Re: HTML Media Capture draft from Device APIs and Policy Working Group

On Thu, Jul 22, 2010 at 6:21 PM, Jonas Sicking <> wrote:
> On Thu, Jul 22, 2010 at 9:56 AM, Andrei Popescu <> wrote:
>> On Thu, Jul 22, 2010 at 5:26 PM, Jonas Sicking <> wrote:
>>> On Thursday, July 22, 2010, Andrei Popescu <> wrote:
>>>> Hi Jonas,
>>>> On Wed, Jul 21, 2010 at 10:18 PM, Jonas Sicking <> wrote:
>>>>> On Wed, Jul 21, 2010 at 11:54 AM, Andrei Popescu <> wrote:
>>>>>> On Wed, Jul 21, 2010 at 7:49 PM, Jonas Sicking <> wrote:
>>>>>>> On Wed, Jul 21, 2010 at 11:36 AM, Andrei Popescu <> wrote:
>>>>>>>> On Wed, Jul 21, 2010 at 7:18 PM, Jonas Sicking <> wrote:
>>>>>>>>> On Wed, Jul 21, 2010 at 5:22 AM, Henri Sivonen <> wrote:
>>>>>>>>>> On Jul 20, 2010, at 18:33, Dominique Hazael-Massieux wrote:
>>>>>>>>>>> The Device APIs and Policy Working Group has published a new draft
>>>>>>>>>>> called "HTML Media Capture" on which we think we'll need to coordinate
>>>>>>>>>>> with your group:
>>>>>>>>>>> That document defines a mechanism to bind an <input type=file> with a
>>>>>>>>>>> set of well-defined accept attribute values, completed by a mime type
>>>>>>>>>>> parameter ("capture"), with an extended file picker (that integrates
>>>>>>>>>>> access to on-device microphones, cameras and camcorder) and resulting in
>>>>>>>>>>> a MediaFile object that extends the File object from the FileAPI.
>>>>>>>>>> Why is the capture parameter needed?
>>>>>>>>>> Why wouldn't browsers always allow the use of a capturing device (in addition to picking an existing file) when a page has <input type=file accept='...'> where '...' is a capturable type and there's a suitable capture device available?
>>>>>>>>> A few comments:
>>>>>>>>> The MediaList interface is unnecessary. The Files returned from the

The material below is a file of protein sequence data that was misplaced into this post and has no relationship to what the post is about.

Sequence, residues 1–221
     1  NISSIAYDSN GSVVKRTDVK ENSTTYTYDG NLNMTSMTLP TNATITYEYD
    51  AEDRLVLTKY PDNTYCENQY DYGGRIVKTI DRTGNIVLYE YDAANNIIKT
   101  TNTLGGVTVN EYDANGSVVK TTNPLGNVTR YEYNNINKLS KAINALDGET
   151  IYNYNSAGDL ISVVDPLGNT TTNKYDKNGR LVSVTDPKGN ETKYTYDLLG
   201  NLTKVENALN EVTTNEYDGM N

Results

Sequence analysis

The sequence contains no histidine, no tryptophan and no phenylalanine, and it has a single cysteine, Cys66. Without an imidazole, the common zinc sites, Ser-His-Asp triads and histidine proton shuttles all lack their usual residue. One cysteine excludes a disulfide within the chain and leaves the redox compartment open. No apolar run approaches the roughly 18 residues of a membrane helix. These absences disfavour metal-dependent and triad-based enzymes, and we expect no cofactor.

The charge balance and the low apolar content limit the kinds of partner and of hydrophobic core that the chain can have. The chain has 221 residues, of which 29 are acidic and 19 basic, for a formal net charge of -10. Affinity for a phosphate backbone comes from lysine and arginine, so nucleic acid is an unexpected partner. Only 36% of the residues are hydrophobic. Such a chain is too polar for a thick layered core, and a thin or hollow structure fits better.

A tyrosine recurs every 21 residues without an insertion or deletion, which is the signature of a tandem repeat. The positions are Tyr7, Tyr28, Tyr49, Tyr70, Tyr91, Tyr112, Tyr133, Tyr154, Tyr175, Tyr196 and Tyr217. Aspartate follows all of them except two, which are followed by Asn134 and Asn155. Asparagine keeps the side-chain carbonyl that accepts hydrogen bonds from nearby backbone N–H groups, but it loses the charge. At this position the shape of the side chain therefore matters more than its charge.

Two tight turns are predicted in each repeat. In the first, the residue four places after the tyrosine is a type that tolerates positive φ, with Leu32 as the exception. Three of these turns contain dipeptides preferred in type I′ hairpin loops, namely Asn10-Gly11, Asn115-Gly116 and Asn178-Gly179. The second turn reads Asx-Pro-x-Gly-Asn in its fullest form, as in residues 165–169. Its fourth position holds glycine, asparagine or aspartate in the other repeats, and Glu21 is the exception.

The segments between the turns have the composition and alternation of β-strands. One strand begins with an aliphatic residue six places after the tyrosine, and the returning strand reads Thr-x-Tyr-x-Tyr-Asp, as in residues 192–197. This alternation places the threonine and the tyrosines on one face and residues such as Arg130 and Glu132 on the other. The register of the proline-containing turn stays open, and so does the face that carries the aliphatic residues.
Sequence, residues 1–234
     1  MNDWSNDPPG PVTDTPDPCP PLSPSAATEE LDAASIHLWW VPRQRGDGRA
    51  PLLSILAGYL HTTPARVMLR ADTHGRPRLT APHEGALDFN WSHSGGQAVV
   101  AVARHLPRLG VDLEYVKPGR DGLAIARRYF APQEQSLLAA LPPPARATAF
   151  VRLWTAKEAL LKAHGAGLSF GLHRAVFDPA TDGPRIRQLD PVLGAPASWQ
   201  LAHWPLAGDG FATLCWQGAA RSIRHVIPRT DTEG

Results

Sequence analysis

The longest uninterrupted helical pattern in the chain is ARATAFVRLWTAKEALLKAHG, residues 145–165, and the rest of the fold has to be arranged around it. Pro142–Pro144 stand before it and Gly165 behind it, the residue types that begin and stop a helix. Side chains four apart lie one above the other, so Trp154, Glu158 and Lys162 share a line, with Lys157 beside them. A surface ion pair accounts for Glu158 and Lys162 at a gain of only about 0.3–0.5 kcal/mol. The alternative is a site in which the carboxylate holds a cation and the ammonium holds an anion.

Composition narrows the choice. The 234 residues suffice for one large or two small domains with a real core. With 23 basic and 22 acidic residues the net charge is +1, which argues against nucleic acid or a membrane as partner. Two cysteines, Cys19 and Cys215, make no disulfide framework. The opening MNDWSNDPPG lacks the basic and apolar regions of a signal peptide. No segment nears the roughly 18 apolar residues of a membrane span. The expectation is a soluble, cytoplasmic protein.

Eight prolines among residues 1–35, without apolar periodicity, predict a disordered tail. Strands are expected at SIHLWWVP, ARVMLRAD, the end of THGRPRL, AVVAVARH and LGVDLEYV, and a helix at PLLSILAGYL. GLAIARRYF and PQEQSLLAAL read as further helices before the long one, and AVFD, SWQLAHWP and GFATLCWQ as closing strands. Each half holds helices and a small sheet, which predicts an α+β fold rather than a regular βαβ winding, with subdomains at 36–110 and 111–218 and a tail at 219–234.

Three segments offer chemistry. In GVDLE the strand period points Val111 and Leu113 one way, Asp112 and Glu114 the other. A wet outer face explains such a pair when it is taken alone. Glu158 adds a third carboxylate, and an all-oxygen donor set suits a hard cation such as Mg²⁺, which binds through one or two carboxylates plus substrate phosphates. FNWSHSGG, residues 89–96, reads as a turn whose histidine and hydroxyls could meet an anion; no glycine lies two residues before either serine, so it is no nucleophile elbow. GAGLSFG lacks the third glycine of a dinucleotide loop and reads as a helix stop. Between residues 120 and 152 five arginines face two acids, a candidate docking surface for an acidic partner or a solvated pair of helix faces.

>>>>>>>>> FileList interface can implement the MediaFile. Compare to how
>>>>>>>>> NodeList interface always returns Node objects, but that those Node
>>>>>>>>> objects often also implement Element or TextNode.
>>>>>>>>> It's good that the 'capture' mime parameter is defined to be a hint
>>>>>>>>> and isn't required to affect behavior in any way. It's still unclear
>>>>>>>>> that it is really needed. A good browser UI should likely *always*
>>>>>>>>> display buttons for attaching a file or capturing a new image or video
>>>>>>>>> using a camera. That is what we are long term hoping to do for firefox
>>>>>>>>> since the vast majority of pages don't have an @accept attribute at
>>>>>>>>> all. If an implementation want to be conservative and not always
>>>>>>>>> display a button for capture, triggering off of @accept containing a
>>>>>>>>> "image/..." mimetype seems reasonable.
>>>>>>>> On Android, we needed to support the following use case: a Web page
>>>>>>>> wants to show two separate buttons:
>>>>>>>> 1. a button that allows the user to pick a file from the device gallery
>>>>>>>> 2. a button that directly invokes the camera viewfinder and allows the
>>>>>>>> user to capture a new file.
>>>>>>>> We achieved this with the 'capture' parameter, which acts as a hint to
>>>>>>>> the browser about the default startup mode of the file picker (i.e.
>>>>>>>> the camera viewfinder or the gallery browser). If capture is not
>>>>>>>> specified, you get the traditional file picker with all applicable
>>>>>>>> choices.
>>>>>>> Why doesn't android simply always show two buttons for <input
>>>>>>> type=file name=X>?
>>>>>> For the above markup, it does exactly that.
>>>>>>> That is what I'd want as a user since there are
>>>>>>> literally millions of pages out there that has that markup and where I
>>>>>>> want to attach a picture using my camera.
>>>>>> Agreed.
>>>>>> 'capture' iTo clarify, given the following markup:
>>>> <input type="file" accept="image/*">
>>>> the Android browser renders a single button on the page. When clicked,
>>>> this button brings up a native file picker that asks the user to
>>>> choose the source of the file: file system or camera. Once she makes
>>>> this choice, the user needs to select / capture the actual file.
>>>> However, we needed to support a use case where the Web application